At 6 p.m. on a recent Tuesday, nine office workers are gathered around a single jar of salsa. The specific recipe is unclear but essentially consists of maybe a handful of chopped tomatoes and what tastes like half a bottle of cheap tequila.
In this room, not a soul is over 30. “Come try this,” says Mackenzie Barth, beckoning her coworkers over to the company kitchen, which consists of a refrigerator, counter space and a sink, almost like a dorm room as portrayed in an Ikea catalog. Everyone is invited to sample the boozy salsa and suggest improvements. “It needs pepper,” says Barth, as she reaches for the black pepper and garlic powder and adds a few shakes of each.
While it may seem like a bunch of college kids making small talk over late-night drunk food, here at the New York City headquarters of Spoon University, this is serious business. The spiked salsa is being tested ahead of tomorrow’s video shoot for the recurring cocktail series “5 o’clock Fridays,” hosted by Spoon U. managing editor Brooke Hamroff, who adds, “Wow! That’s strong.”
Founded in 2012, Spoon University is a growing network of digital food magazines with affiliates on college campuses nationwide. Some 3,000 students actively contribute to the site, writing recipes, restaurant reviews and kitchen tips aimed specifically at their peers: college students, a demographic that, by and large, could really use a little help in the kitchen, particularly in cases where there is no actual kitchen.
It’s a situation that Barth, Spoon’s 24-year-old CEO, knows quite well. “I would Google a recipe and find out halfway through that I needed a food processor,” says Barth, who cofounded Spoon University with her friend Sarah Adler back in 2012 when the two were both students at Northwestern University. What started as a small print food zine is now a burgeoning digital brand with chapters at more than 80 schools and counting. Another 30 colleges and universities are expected to join the already lively mealtime discussion this fall. “Spoon became what it is today because there wasn’t that resource for college kids to go to for recipes when they have no tools, money or experience,” says Barth.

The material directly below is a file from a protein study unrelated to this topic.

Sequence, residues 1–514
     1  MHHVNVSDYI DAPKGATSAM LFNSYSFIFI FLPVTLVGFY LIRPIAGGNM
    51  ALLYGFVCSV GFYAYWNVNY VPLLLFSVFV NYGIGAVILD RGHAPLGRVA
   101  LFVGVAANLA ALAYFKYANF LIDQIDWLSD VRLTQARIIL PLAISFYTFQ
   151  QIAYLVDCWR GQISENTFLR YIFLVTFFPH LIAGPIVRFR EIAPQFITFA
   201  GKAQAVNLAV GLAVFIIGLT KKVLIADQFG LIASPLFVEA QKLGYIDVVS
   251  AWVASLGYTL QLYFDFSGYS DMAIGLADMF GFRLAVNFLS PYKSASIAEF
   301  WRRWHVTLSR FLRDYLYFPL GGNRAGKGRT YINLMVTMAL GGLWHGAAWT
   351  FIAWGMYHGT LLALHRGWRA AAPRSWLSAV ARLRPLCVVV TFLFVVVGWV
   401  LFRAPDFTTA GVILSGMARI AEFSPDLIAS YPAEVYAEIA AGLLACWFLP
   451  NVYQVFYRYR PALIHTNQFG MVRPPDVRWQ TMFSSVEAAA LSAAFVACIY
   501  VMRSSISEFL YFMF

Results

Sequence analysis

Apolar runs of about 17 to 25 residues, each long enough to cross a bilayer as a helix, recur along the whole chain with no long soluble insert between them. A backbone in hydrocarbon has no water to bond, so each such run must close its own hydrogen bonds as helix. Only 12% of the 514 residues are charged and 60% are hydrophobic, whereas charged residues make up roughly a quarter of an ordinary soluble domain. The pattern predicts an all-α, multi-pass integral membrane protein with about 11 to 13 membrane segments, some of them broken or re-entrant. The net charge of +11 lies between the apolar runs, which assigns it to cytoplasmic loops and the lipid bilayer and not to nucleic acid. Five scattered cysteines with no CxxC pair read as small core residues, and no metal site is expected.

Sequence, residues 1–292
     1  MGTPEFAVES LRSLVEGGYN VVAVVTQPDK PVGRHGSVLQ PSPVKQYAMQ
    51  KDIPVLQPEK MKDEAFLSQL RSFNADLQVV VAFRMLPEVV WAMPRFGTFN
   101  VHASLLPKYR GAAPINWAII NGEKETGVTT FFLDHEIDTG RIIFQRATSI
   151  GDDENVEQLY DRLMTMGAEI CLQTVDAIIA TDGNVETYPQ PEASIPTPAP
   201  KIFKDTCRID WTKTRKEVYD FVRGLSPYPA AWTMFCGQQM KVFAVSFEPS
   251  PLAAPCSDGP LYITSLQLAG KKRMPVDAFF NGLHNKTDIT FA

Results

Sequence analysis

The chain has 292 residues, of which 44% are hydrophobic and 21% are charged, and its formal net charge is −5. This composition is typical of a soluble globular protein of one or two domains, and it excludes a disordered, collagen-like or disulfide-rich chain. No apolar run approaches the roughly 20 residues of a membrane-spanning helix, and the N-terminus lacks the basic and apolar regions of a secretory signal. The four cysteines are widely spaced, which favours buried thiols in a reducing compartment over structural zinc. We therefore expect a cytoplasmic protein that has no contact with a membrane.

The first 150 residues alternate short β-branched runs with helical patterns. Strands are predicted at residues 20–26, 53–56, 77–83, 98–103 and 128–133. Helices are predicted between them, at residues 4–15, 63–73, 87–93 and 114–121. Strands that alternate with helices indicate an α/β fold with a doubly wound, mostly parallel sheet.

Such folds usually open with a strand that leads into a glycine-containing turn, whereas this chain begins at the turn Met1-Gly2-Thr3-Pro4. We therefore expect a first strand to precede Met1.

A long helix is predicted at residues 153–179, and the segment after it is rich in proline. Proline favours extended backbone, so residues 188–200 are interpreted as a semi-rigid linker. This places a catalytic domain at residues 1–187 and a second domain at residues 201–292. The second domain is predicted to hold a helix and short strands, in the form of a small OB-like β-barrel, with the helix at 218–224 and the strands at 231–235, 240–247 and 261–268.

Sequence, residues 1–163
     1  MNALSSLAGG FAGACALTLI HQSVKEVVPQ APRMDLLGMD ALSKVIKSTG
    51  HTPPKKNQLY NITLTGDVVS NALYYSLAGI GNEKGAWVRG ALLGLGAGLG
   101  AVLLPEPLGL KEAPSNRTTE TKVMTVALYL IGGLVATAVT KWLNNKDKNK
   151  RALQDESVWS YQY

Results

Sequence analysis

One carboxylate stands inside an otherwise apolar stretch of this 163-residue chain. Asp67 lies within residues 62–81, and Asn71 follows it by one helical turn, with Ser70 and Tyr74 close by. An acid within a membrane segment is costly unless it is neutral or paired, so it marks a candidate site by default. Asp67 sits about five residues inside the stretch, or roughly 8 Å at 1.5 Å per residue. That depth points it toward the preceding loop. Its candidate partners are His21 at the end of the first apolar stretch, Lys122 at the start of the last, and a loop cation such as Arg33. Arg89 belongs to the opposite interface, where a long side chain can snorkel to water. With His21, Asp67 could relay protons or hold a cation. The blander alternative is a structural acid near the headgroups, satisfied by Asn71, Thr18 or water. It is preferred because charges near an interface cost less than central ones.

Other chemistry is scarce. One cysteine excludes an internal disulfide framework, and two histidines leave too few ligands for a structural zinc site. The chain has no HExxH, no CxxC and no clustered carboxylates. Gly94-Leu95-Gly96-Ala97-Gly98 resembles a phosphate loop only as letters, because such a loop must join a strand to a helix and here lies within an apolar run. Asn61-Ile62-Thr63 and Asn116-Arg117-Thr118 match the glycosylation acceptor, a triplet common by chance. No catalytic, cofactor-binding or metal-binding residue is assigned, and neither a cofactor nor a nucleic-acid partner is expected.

The site is impressively easy to navigate. SEO-friendly headlines like “11 Ways to Pimp Your Instant Ramen” and “Why You Eat Everything When You’re Drunk, According to Science” are the norm. Click on the “Make” tab of the homepage and you’ll find yourself confronted with the options “I’m a Noob,” “I’m High,” “I’m Hungover” and “I’m Tryna Be Healthy,” to name a few.
If you’re wondering what millennials are eating and drinking, this is place to find out. And that is precisely what attracts advertisers and investors to Spoon University.
Flush with $2 million in venture capital funding raised just this past spring, the site seems well positioned to generate more sponsorship, particularly from brands that have struggled to connect with the ever-coveted millennial market. “We could help those conversations happen in a more authentic and more effective way that would not only better meet brand goals because they could actually get their messages across, but better meet the user’s goals, too, because they don’t want to be annoyed by advertising,” says cofounder Adler, now Spoon’s chief technology officer.
Investment firms began lining up shortly following Barth and Adler’s graduation in April from Techstars, a startup incubator that provides office space, mentorships and networks to promising tech companies in exchange for a small (usually 7 to 10 percent) equity share. Getting that funding “felt surreal,” says Adler. “For so long you’re working so hard and trying so hard and putting your soul into it, and so many people don’t believe that it will be a real thing. So many people laugh at you. So many people say no. And you spend so long convincing yourself that it’s OK. And then, finally, it’s really empowering to have people believe in you enough to do that.”